Both my parents were born in the Ukraine in 1910 and arrived in Winnipeg as children. My mother, Pearl, (father, Abraham Litvack, mother Devorah Fridell) arrived with her parents and two brothers, from Odessa at age two. My father’s (Sydney) eventual settlement in Winnipeg followed a harsher route. His older half siblings (Ida, Fannie and Morris) had emigrated to Winnipeg by 1911 from Katerburg, prepared to bring over their mother, Toba Melamed, her second husband, Leib Miller, my father and his older sister, Vera (Weiner). The First World War and then the Polish-Russian War inflicted upon them years of panic and penury, made more horrific by a pogrom in which their father and mother were beaten and the family driven apart for several weeks. The children having been ordered by their mother to flee into the forest were sustained by the kindness of several local women who provided them with potatoes (even then respecting kashruth). By chance, only two weeks later did one of the women come upon their parents in the town of Shumsk and so reunited the family. It was months before their mother, Toba, regained her voice, the shock of the traumatic events having stilled it. My twice widowed baba moved the children to the village of Dederkaly where she eked out a living as a peddler, carrying grain in one direction to the larger town of Shumsk, flour on the return. At last, in 1921 with some degree of peace, a Polish farmer was hired to take them stealthily by wagon, into Poland, then to Warsaw where they discovered the company, booked to carry them across the ocean, was bankrupt. It took six months for the older siblings to retain another agent.
Taken first to Yorkton, Sask. the two young children attended school for the first time and worked in their older sister’s (Ida Croll) general store. At the urging and support of his brother Morris, my father moved to Winnipeg to finish high school. It is there that his story started to blend in with those of other Winnipeg immigrants: education and hard work. As for my mother’s family (parents, two brothers, Joe and Norman, and two half siblings who had preceded them, Misha Ludwig and Bessie Spears), they settled in Winnipeg on Alfred Avenue. My mother’s father who had been a blacksmith in the old country, found work as a street cleaner and her mother took in boarders in their little house.
Both my parents graduated from high school, trained as bookkeepers; we assume that is how they met. A five-year courtship enabled them to save enough money to hold their wedding at the Hebrew Sick Benefit Hall on June 21, 1936, then to acquire household goods and rent an apartment on Salter St. For my father, bookkeeping lead to the opportunity to purchase Miller’s Hatchery on Main Street, an enterprise that he expanded to four locations on the Prairies. Ironically, his father’s surname was Miller but once my father started in bookkeeping with his brother Morris he changed his name to Morantz, the family that had long provided for him. By 1956, he took the bold step of selling the business he nurtured for almost two decades and threw himself into nurturing fledgling Jewish institutions, supporting our family as a real estate investor. His dedication and passion for ensuring the well-being of the local Jewish community and the advancement of the new State of Israel is evident in his philanthropy, the millions he helped raise and the many organizations in which he was instrumental as either an officer or chair or president, such as: Israel Bonds, Hebrew University, Canada-Israel Securities, the Zionist Organization of Canada, Jewish Welfare Fund, JNF, UJA, Jewish Foundation of Manitoba, the Winnipeg Jewish Community Council, Maimonides College, Joseph Wolinsky Collegiate, Ramah Hebrew School and Rosh Pina Synagogue. On the day of his funeral, a bitterly cold February 23, 1981, all the students of Joseph Wolinsky Collegiate stood outside, in silence, as his cortege passed by.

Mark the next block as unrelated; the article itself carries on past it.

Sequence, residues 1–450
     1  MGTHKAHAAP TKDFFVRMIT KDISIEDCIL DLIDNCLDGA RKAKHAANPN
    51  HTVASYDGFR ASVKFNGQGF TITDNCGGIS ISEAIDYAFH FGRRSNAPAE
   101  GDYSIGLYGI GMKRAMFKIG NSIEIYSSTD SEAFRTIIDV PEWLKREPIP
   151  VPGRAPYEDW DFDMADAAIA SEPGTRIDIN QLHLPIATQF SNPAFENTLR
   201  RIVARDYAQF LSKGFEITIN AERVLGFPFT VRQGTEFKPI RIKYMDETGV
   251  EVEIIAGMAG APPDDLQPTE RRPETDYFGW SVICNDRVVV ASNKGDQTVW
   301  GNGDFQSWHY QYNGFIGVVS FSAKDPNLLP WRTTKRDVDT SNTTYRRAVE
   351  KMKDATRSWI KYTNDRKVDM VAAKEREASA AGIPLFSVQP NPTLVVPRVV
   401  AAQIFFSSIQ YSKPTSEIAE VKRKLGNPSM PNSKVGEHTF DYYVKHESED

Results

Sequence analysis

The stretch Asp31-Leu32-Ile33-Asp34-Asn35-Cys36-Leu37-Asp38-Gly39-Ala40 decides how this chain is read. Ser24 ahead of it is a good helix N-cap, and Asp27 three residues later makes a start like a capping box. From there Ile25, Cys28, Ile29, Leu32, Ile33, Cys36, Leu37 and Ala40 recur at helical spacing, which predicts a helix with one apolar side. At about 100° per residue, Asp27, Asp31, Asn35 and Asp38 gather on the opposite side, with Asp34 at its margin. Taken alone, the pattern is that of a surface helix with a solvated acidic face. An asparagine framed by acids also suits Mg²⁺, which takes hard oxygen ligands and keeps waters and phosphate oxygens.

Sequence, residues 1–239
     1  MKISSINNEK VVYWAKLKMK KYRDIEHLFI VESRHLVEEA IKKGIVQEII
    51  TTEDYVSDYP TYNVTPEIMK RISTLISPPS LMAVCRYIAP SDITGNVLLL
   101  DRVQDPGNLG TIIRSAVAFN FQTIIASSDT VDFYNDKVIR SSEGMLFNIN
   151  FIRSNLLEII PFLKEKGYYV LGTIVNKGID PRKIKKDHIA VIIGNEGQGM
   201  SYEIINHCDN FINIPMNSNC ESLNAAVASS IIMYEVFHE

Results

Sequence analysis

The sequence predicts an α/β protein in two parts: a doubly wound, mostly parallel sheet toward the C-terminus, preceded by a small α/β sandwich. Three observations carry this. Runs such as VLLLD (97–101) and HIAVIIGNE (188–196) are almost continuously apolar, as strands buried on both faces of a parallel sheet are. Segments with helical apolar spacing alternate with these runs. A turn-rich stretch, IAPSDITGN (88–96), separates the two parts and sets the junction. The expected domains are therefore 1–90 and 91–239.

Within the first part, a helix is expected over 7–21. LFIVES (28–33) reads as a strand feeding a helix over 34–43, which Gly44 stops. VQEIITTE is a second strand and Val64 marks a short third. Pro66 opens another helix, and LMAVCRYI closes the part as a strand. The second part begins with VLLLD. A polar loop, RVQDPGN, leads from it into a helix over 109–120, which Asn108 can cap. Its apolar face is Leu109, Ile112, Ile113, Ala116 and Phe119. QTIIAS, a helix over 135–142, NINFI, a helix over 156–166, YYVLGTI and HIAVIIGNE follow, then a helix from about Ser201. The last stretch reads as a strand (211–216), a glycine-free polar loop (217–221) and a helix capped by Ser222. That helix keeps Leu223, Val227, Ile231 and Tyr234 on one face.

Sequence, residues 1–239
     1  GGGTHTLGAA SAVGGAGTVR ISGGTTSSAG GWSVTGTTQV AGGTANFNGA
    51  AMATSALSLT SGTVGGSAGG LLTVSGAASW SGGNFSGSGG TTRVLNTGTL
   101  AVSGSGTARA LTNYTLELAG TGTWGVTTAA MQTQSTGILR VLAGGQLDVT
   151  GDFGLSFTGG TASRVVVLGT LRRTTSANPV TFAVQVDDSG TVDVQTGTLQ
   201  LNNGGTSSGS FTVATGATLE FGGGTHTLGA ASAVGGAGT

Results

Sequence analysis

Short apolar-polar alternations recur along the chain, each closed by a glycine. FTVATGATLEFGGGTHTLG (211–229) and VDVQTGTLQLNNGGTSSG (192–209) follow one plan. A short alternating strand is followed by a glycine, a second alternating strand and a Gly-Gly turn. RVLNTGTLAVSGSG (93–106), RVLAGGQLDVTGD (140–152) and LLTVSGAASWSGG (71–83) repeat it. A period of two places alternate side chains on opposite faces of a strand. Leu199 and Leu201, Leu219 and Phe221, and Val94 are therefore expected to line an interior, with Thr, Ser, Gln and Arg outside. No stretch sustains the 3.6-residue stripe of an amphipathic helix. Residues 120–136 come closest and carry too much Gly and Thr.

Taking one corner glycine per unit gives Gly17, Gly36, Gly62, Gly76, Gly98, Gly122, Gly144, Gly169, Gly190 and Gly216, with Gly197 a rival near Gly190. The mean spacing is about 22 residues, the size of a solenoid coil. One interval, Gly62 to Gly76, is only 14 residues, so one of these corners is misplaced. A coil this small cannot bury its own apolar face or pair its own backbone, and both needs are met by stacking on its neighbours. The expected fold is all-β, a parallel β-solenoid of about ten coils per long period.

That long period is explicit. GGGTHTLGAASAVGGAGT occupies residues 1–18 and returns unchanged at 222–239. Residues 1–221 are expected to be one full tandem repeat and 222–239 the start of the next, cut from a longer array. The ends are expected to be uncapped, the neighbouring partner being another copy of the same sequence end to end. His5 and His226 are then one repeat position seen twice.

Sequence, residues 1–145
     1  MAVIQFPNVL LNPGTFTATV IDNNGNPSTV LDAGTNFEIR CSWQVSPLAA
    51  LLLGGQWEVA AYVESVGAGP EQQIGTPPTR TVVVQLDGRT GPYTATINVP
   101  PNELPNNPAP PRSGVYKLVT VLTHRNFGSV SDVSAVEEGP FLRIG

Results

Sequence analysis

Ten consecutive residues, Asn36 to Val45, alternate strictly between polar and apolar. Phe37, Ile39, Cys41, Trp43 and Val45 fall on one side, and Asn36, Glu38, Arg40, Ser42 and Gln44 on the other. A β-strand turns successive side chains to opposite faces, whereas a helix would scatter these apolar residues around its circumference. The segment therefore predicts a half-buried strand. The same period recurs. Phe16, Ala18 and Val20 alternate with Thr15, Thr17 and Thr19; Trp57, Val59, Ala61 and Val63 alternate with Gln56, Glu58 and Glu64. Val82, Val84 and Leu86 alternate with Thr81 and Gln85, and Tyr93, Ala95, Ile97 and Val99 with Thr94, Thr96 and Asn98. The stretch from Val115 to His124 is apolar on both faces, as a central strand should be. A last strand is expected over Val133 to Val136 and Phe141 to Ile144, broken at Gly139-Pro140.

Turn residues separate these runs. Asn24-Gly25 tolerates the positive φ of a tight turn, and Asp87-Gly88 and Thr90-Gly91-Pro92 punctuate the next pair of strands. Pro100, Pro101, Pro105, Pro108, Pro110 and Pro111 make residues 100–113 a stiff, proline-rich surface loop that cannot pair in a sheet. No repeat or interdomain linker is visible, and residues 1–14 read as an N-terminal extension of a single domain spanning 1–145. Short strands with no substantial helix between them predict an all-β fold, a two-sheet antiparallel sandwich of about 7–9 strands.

There were no ghosts of the past in our house. My father never spoke of his early years, only to allow it to motivate him in his exceptionally busy volunteer positions. Our mother, his silent partner, made it possible by devoting herself lovingly to raising their children and maintaining a warm and inviting home, as he was out attending meetings after dinner almost every night of the week The stigma, attached to married women working outside the home that prevailed in the 1930s and much beyond, influenced my mother’s decision to leave her gratifying bookkeeping job even though she was a whiz with figures. Nevertheless, come Erev Shabbat the delicious aromas of freshly baked cinnamon buns for a pre-Shul breakfast, competed with those of the bubbling chicken soup. The synagogue we all attended was the Beth Jacob until our family moved to West Kildonan and the newly reorganized Rosh Pina in the north end became the site of our celebrations and observances, while our father religiously attended Shabbat services until his death. Family was all important to us, within our home and the much wider circle of aunts, uncles and cousins with enough religious festivals, bar-mitzvot and weddings to joyfully bring us together often. Friends too played an important part, especially in the summer when families would meet in exotic places such as Lockport or Selkirk for picnics and rounds of baseball. As busy as he was, our father made time for marathon family car trips to California to visit relatives or as close as the bordering states to attend hatchery conventions with explorations of the region always on the itinerary. The values of giving and responsibility for others were instilled in us in the air we breathed as was education, resulting in us three children enjoying interesting fulfilling careers: Aubrey, a diplomat, Toby, an anthropologist and David, a biologist.
This legacy continues to influence the lives of their six grandchildren.